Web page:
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Sunday, Sep 25, 2022
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Week in Review



Quote of the Week

‘This is a very intense competition.’

, Julie Meier Wright, president and chief executive of the San Diego Regional Economic Development Corp., on the heated competition to land the permanent headquarters of the California Institute for Regenerative Medicine.


Friday, April 15


Bad Day On Wall Street:

The stock market finished the week with a thud as stock prices continued a decline that began Wednesday, April 13. Over the three days, the Dow Jones Industrial Average lost 420 points, or 4 percent, to close at 10,087.51 Friday. That day’s loss alone was 191.24 points , the Dow’s longest one-day drop since May 2003. Contributing to Friday’s loss were lower-than-expected earnings from Dow component IBM.

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The technology-heavy Nasdaq fell 4.8 percent over three days to 1,908.15, a level not seen since October. Over the same three-day period Qualcomm Inc. fell 5.5 percent to $32.69, Sempra Energy fell 5.3 percent to $38.63 and Titan Corp. fell 5.0 percent to $17.01.

, Brad Graves

– – –


Petco Admits Error:

Shares of San Diego-based Petco Animal Supplies, Inc. closed at $30.36, 13.6 percent down from April 14, after the company said it erred in estimating fourth-quarter net earnings. Correcting the error may cut net earnings by $3 million to $4.5 million, the company said.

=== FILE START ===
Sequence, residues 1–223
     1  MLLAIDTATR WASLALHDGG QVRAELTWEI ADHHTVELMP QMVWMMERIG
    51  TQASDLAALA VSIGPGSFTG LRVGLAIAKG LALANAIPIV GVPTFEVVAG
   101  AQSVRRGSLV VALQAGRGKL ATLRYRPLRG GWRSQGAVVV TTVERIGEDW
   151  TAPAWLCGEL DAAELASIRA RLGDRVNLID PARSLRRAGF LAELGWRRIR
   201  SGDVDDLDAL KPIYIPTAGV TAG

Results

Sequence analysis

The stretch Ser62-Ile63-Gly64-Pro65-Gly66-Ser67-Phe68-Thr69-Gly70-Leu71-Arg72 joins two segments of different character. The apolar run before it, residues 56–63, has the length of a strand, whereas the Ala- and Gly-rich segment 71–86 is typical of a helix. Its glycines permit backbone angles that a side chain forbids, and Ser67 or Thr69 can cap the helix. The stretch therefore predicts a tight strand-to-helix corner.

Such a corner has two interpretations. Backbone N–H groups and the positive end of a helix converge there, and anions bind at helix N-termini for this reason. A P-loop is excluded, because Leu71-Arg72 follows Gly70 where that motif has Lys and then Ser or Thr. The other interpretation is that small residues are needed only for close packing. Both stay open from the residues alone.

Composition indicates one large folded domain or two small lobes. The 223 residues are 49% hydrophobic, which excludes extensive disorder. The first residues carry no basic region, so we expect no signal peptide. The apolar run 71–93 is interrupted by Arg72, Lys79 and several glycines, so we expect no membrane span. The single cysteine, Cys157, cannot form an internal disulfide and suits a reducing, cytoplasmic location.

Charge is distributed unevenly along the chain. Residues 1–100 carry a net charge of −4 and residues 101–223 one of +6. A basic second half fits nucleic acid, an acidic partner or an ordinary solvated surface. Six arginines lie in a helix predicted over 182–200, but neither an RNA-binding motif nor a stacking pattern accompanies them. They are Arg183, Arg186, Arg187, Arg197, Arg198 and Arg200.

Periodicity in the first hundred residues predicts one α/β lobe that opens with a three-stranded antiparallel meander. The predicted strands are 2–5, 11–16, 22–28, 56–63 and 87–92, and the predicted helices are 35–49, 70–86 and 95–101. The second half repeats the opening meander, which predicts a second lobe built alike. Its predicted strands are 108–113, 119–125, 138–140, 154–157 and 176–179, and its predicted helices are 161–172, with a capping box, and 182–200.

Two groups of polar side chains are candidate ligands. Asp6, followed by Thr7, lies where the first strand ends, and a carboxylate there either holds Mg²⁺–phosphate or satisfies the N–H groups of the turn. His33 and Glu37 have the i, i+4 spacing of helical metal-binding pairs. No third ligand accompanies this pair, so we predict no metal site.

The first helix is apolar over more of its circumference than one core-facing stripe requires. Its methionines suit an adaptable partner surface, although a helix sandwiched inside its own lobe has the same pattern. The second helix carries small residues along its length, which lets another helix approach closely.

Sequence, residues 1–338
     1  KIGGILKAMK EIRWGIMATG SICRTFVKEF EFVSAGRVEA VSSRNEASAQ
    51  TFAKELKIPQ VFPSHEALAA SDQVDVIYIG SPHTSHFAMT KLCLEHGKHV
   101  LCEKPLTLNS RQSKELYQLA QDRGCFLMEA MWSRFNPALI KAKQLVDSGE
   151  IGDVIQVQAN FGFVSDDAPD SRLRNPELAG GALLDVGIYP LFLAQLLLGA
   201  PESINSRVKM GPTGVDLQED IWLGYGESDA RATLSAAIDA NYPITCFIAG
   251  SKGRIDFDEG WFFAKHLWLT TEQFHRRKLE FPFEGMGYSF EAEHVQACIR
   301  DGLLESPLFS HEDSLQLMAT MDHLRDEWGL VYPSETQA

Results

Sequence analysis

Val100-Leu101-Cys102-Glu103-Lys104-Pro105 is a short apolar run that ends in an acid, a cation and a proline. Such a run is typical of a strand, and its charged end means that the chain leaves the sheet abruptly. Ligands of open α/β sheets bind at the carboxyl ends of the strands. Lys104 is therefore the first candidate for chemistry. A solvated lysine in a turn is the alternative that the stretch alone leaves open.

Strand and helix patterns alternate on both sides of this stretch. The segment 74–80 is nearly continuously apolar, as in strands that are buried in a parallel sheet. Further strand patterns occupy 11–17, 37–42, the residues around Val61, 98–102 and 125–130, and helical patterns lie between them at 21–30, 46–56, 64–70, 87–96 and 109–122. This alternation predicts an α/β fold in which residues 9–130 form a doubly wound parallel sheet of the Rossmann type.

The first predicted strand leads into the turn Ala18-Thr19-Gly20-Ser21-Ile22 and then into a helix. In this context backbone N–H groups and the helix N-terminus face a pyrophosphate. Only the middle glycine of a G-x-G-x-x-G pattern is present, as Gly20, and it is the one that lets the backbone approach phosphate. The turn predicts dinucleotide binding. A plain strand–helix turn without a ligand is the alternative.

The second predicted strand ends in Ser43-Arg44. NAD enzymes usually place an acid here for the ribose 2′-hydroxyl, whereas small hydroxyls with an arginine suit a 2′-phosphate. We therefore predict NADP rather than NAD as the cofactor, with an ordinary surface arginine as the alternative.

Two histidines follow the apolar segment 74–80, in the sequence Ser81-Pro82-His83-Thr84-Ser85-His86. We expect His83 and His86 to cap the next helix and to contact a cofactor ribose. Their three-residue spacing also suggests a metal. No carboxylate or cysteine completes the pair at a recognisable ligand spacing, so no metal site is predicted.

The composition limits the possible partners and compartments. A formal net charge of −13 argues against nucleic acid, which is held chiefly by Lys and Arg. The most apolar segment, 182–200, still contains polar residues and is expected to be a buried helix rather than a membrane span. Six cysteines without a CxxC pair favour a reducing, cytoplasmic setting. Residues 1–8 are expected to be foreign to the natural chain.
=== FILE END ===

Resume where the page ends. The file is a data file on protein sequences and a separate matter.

Earlier in the month, Petco said, it found it had underestimated expenses related to its distribution operation. As a result it would delay filing its annual report with the Securities and Exchange Commission. The company also said it strengthened its internal controls following the April 1 discovery.

In the days that followed several law firms, including San Diego-based Lerach Coughlin Stoia Geller Rudman & Robbins LLP, filed class-action lawsuits related to the announcement.

Petco trades on the Nasdaq as PETC.

, Brad Graves


Monday, April 18


Time Magazine’s Stern Judgment:

San Diego Mayor Dick Murphy, along with Philadelphia Mayor John Street and Detroit Mayor Kwame Kilpatrick, were ranked among the nation’s worst mayors in the current issue of

Time

magazine.

The article recaps Murphy’s struggles with the city’s pension mess and related investigations by the Federal Bureau of Investigation, the U.S. attorney and the Securities and Exchange Commission, adding that the crises almost cost him his job to “Donna Frye, a last-minute write-in candidate who runs a surf shop.”

In a prepared statement, Murphy said that, “I completely disagree with Time magazine’s conclusions. My administration has had many significant accomplishments during the last four years.”

Among those he cited: completion of Petco Park; creation of the Ethics Commission; opening of the long-delayed state Route 56; reduction of sewer spills and accompanying beach closures by 65 percent; the lowest violent crime rate of any big city; and the end of the Chargers ticket guarantee.